- Research article
- Open Access
Superb microvascular imaging (SMI) compared with conventional ultrasound for evaluating thyroid nodules
BMC Medical Imaging volume 17, Article number: 65 (2017)
Superb microvascular imaging (SMI) for depiction of microvascular flow in thyroid nodules was compared with color/power Doppler imaging (CDI/PDI) and contrast-enhanced ultrasonography (CEUS). In addition, the diagnostic performance of conventional ultrasound combined with SMI for differentiating benign and malignant thyroid nodules was evaluated.
Preoperative conventional ultrasound consisting of gray-scale ultrasonography and CDI/PDI, followed by SMI and CEUS, was used to record 52 thyroid nodules. Two radiologists analyzed the gray-scale ultrasound signs and nodules’ microvascular flow patterns to differentiate between benign (n = 13) and malignant nodules (n = 39).
SMI was significantly more effective in the detection of microvascular flow signals than CDI/PDI. In malignant nodules, SMI depicted the presence of incomplete surrounding periphery microvasculature and of disordered heterogeneous internal microvasculature. Benign nodules showed complete surrounding periphery microvasculature (ring sign) and homogeneity internal branching. The accuracies of conventional ultrasound combined with CDI/ PDI, SMI, or CEUS for predicting malignancy were 67.31, 86.54, and 92.31%, respectively. The accuracy of SMI differed significantly from CDI/PDI (P = 0.012), but not from CEUS (P = 0.339).
Microvascular flow and vessel branching in the peripheral and internal microvasculature of thyroid nodules is depicted with greater detail and clarity with SMI compared with conventional ultrasound. SMI offers a safe and low-cost alternative to CEUS for differentiating between benign and malignant thyroid nodules.
Thyroid nodules are a common finding. With development of ultrasonic technology and improvement in resolution, the rate of detection of thyroid nodules has risen, especially in younger persons . In clinical practice, ultrasound is the primary imaging method for evaluating thyroid nodules. However, some of the typical characteristics of malignant nodules have a diagnostic accuracy of only 74 to 82%, including hypoechogenicity, irregular margins, being taller than wide, microcalcifications, absence of halo, and presence of perforator vessel(s) [2, 3]. None of these features is specific enough to classify a lesion as malignant, and sensitivity is also significantly lower for any single feature . It is therefore important to explore a complementary method which could improve the identification of benign and malignant nodules.
It is well known that blood vessels are important to the growth of a nodule, but conventional color or power Doppler imaging (CDI and PDI, respectively) are not very sensitive to microvascularity patterns and low blood flow velocity . Vessel extraction methods, such as minimal path techniques to effectively locate tiny vessels, might be of help to extract vessel-related information for further diagnosis , although they are limited by some inherent problems like endpoint, shortcut and accumulation issues . A recent improved means of visualizing low flow in microvessels is superb microvascular imaging (SMI) ultrasound technology, implemented with the Aplio 500 US system by Toshiba (Toshiba Medical Systems, Tokyo, Japan). SMI uses advanced clutter suppression to extract flow signals from large to small vessels, and depicts this information at high frame rates as a color overlay image or as a grayscale map of flow (color or monochrome SMI, respectively).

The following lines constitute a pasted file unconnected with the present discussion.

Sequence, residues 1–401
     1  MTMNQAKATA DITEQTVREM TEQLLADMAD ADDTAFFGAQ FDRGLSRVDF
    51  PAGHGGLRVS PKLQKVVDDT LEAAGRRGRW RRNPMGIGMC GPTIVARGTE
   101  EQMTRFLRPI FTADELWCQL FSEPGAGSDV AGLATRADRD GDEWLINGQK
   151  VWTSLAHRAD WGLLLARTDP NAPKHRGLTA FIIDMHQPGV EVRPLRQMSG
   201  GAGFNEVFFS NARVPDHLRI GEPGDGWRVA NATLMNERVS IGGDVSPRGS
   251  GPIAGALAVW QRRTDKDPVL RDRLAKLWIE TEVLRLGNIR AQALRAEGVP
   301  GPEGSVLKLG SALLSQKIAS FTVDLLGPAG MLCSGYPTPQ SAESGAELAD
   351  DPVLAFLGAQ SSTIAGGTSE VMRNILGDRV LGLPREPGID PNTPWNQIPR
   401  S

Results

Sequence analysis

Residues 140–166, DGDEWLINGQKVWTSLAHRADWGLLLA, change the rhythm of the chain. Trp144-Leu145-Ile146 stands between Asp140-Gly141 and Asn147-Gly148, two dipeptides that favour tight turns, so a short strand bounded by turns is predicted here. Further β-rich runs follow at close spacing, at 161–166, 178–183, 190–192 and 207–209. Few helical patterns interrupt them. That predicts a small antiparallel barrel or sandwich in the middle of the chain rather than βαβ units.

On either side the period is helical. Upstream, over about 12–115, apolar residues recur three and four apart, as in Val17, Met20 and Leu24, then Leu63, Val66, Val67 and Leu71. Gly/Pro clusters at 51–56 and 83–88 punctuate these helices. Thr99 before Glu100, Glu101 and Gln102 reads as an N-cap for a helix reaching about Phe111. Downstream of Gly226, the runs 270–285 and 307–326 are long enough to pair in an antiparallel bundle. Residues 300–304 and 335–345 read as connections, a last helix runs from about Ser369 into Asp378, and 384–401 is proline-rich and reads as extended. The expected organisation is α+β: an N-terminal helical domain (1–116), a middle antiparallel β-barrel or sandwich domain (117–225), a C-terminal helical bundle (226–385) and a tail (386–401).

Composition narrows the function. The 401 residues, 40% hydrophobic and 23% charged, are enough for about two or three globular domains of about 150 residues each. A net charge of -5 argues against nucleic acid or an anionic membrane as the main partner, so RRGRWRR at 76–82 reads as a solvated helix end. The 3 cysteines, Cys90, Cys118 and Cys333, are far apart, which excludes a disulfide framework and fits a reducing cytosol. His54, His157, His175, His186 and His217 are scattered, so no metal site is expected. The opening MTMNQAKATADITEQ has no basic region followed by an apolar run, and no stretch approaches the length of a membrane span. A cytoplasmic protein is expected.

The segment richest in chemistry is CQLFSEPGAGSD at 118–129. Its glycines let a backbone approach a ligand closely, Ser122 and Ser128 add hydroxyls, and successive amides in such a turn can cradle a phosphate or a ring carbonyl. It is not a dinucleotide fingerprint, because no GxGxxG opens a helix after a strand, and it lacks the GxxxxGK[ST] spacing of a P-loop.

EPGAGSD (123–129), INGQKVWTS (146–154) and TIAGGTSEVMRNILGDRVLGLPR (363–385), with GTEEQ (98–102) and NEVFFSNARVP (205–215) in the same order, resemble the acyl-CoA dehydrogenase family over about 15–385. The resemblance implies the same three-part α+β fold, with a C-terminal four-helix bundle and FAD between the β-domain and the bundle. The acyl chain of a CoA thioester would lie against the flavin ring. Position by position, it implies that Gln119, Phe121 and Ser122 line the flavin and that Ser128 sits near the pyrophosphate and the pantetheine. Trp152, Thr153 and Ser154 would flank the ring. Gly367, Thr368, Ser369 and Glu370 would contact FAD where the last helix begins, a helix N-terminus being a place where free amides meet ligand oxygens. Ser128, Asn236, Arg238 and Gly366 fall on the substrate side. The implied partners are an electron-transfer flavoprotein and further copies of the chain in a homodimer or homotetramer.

The present study compares the flow imaging abilities of SMI, CDI/PDI, and CEUS for depicting microvascular flow in thyroid nodules, and evaluates the efficacy of these methods for identifying benign and malignant thyroid nodules.
The study was conducted from March to November 2016. Fifty prospective patients (45 women and 5 men; 52 tumors) who were referred for surgery due to suspicion of malignancy after gray-scale ultrasound or palpation, were enrolled. The mean age of these patients was 47 years (range: 20-65 years).
All patients enrolled underwent ultrasound examination of the thyroid consisting of the following modalities: gray-scale ultrasound; CDI; PDI; color and monochrome SMI; and CEUS using an Aplio 500 ultrasound system with a broad bandwidth linear array transducer (imaging frequency, 14 MHz). The nodules studied were solid or cystic solid with a solid component greater than 50% and a maximum diameter of 0.5-3.0 cm. For all subjects, the settings for cross section, constant color sampling frame size, and moderation scale were identical throughout the imaging portion of the study. In selected patients, pulsed Doppler was also used during monochrome SMI to examine a few specific microvessels inside the nodule, to verify that the observed vessels were real microvasculature.